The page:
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AccessAbility Awareness Week celebrates people with disabilities

By Aly Beach/The Oshawa Express

AccessAbility Awareness Week in Oshawa runs from May 28 to June 3 and aims to raise awareness of accessibility, celebrate people with disabilities and the accomplishments in accessibility thus far.

The weeklong event creates the opportunity to bring the community, businesses, government and people with disabilities together to incite change in the lives of people living with disabilities.

Oshawa Mayor John Henry announced the proclamation at the May 14 public accessibility meeting, after a request from Oshawa resident Adam White, who made a delegation request for the city to participate in the event, which is held nationwide.

To kick off AccessAbility Awareness Week, the Oshawa Accessibility Advisory Committee (OAAC) hosted an information sharing display on May 28 at city hall to educate residents on the accessible programs, services and facilities available throughout the city.

The Region of Durham also chose to participate, with a display of accessibility information created by the region’s Accessibility Advisory Committee and accessibility coordinator Janet Traer. On May 30, the region will host a lunch and a learning session called, “I’m Still Here,” which is a research-based drama about living with Alzheimer’s disease and dementia.

The University Institute of Technology (UOIT) will launch a social media campaign to raise awareness and highlight the way UOIT is removing barriers for students.

“Our goal is to change the way everybody thinks, talks and acts about barriers to participation and accessibility right from the start, rather than an afterthought,” says UOIT Student Accessibility acting manager Heather Leckey.

She says that while post-secondary education can lead to things like income security, health and wellness, people with disabilities seem to be less likely to attend compared to those without disabilities.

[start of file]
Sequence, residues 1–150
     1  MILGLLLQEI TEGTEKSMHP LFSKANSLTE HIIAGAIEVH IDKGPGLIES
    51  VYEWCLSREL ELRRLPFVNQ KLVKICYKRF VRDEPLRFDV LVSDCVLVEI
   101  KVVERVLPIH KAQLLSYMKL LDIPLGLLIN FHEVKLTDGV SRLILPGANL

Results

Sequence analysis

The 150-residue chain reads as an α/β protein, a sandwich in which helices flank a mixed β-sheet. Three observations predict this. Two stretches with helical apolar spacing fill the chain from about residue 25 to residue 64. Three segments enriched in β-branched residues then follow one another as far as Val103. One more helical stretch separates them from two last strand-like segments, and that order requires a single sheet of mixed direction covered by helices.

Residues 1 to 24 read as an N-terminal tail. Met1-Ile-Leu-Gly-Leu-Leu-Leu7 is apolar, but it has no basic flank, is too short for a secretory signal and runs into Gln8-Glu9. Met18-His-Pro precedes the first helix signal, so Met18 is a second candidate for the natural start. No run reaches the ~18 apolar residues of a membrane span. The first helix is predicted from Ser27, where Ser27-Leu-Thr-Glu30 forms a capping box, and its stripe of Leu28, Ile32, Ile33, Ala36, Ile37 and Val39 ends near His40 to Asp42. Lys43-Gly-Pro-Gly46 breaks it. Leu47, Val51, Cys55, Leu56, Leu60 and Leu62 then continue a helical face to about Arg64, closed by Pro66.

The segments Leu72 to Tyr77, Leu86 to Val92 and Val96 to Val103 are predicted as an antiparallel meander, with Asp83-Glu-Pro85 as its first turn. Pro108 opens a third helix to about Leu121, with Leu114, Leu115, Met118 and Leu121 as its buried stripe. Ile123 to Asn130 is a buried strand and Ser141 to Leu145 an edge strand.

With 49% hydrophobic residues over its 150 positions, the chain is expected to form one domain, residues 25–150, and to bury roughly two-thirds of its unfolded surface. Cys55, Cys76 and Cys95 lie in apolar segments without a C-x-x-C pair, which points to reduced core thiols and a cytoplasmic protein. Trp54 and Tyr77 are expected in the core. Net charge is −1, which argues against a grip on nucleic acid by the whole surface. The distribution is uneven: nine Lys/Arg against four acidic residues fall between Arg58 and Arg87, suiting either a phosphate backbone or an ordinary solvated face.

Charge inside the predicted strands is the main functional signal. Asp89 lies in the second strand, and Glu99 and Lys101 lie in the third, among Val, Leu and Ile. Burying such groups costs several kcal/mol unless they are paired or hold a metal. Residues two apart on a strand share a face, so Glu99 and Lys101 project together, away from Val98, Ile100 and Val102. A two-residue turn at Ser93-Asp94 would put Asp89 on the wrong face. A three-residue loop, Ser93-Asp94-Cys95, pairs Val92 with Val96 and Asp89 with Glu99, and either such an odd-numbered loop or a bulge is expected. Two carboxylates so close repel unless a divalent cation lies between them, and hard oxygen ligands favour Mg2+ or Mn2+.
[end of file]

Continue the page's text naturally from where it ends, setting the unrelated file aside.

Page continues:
“Those people also have the potential to achieve success in this environment in the manner in which they’re supported at their institution, which can play a large role in their success and it’s UOIT’s goal to integrate accessibility into everything that we do,” says Leckey.

Durham College on the other hand has trained some staff in accessible documents and held an Accessibility Coordinating Committee meeting at the beginning of AccessAbility Awareness Week. They have launched a social media campaign to bring awareness to the various accessibility services that the school offers.

Looking back, Rick Hansen first conceived the idea for a national weeklong campaign after his Man in Motion world tour in 1987.

Rick Hansen is a Canadian athlete, accessibility advocate and philanthropist for people with disabilities. In 1985, he started his Man in Motion World Tour, journeying across the world using his wheelchair. He traveled through 34 countries raising $26 million for people with disabilities after ending the tour.

 

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